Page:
The days of having to arrive hours early for a flight could be over after Canberra scientists developed a device that could eliminate frustratingly long airport queues.
A research team led by Australian National University scientists has produced a prototype of the device, which could be developed into ultra-sensitive cameras to help in the fight against terrorism.
Lead researcher Dr Mingkai Liu said the device had the potential to revolutionise airport security.
"These future cameras could identify hazardous devices or dangerous chemicals in people’s carry-on baggage when they walk through an airport, without needing them to queue up and go through the various procedures that are necessary now,” he said.
But Dr Liu, from the university's Nonlinear Physics Centre, said the ultra-sensitive cameras would likely need to be used in partnership with other security measures in order to identify not only suspect bags, but also the people carrying them.
“Unlike conventional cameras used in CCTV, this type of camera cannot recognise people’s faces," he said.
"[The ultra-sensitive cameras] would be just one part of the model.
"You might need to combine it with traditional CCTV."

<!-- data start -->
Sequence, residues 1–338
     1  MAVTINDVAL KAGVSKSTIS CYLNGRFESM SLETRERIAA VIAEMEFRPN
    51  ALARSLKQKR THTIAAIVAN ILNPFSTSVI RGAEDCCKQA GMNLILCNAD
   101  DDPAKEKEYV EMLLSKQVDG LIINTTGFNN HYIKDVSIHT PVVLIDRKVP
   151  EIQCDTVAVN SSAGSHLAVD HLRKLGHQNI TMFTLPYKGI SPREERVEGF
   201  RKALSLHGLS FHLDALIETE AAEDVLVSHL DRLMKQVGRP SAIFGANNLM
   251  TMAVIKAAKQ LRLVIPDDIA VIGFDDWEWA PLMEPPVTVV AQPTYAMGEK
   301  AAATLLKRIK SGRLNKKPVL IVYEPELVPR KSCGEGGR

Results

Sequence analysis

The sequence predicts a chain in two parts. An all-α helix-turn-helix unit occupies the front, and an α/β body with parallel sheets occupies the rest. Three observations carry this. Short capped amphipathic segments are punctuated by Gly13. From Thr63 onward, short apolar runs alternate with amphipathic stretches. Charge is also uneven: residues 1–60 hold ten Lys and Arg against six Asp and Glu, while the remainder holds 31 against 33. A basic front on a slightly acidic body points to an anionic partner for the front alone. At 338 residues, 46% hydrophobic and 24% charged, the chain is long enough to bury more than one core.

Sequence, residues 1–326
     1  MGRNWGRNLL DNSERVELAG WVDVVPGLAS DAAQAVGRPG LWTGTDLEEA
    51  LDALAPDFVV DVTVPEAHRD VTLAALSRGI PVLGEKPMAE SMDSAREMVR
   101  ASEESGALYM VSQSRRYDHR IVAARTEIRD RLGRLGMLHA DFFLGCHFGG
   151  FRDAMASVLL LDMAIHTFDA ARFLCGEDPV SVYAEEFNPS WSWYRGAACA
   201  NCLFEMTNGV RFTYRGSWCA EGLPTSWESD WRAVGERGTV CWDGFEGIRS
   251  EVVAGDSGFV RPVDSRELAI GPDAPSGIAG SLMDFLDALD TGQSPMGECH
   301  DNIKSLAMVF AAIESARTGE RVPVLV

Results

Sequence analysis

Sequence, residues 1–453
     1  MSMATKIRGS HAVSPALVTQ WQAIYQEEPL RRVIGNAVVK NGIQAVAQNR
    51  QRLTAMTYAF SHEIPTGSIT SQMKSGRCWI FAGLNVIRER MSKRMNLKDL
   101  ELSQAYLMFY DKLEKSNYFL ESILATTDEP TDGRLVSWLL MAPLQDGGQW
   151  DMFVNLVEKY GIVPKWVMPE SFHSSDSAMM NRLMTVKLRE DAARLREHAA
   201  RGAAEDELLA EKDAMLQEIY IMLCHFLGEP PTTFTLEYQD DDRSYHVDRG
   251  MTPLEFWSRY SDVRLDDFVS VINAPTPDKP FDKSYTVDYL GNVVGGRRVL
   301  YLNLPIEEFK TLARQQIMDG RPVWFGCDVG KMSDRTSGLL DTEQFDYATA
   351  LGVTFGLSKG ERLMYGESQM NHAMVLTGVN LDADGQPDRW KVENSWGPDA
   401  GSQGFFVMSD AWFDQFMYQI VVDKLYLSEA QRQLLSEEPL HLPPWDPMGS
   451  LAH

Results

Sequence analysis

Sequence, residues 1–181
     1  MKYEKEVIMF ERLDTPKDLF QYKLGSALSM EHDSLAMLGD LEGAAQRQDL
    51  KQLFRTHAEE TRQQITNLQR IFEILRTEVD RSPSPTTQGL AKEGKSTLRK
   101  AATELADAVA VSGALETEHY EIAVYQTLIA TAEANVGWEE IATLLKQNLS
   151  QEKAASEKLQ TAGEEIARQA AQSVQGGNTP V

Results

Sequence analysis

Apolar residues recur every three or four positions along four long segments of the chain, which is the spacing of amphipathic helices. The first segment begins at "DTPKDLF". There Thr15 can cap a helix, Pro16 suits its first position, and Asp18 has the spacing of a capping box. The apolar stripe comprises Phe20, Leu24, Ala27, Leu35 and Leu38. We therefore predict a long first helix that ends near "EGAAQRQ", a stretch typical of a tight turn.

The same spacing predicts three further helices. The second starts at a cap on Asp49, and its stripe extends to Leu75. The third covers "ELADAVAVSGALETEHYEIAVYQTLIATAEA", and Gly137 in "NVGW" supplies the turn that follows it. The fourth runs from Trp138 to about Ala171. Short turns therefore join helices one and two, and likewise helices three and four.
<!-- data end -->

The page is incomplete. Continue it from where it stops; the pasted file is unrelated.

But with the technology described as "still very primitive", it is likely to be several years before it is available for use in airports, which are faced with an ever-increasing number of passengers.
Australia's 10 busiest airports saw a 2.4 per cent increase in domestic passenger movements between September 2017 and September 2018, according to the Bureau of Infrastructure, Transport and Regional Economics. Canberra Airport recorded the largest growth, with a 4.8 per cent increase.
The number of international passengers moving through Australian airports increased by 5.1 per cent during the same time period, with Canberra again recording the highest growth at 19.5 per cent.
The device's full potential is also unclear, but Dr Liu said it might be used to create more compact sensors for driverless cars, enabling them to better sense hazards in bad weather and narrow spaces.
Dr Liu said the prototype had a single sensor that could sense the entire environment surrounding it with "unprecedented precision".
"Previously, multiple fixed sensors pointing towards different directions would be required to achieve this," he said.
Professor Ilya Shadrivov, who leads the microwave and terahertz group at the Nonlinear Physics Centre, said the research team would continue to develop the device until it was ready to be commercialised and manufactured on a large scale.
He said the research team hoped to collaborate with "industrial partners" to explore how else it might be used.
The Canberra researchers' invention comes as Melbourne Airport trials technology that means passengers don't have to separate laptops, liquids or gels from carry-on bags when undergoing security screening.
That technology was developed by Smiths Detection, whose managing director Jordan Thrupp said in November that mainstream adoption was likely in the next one or two years.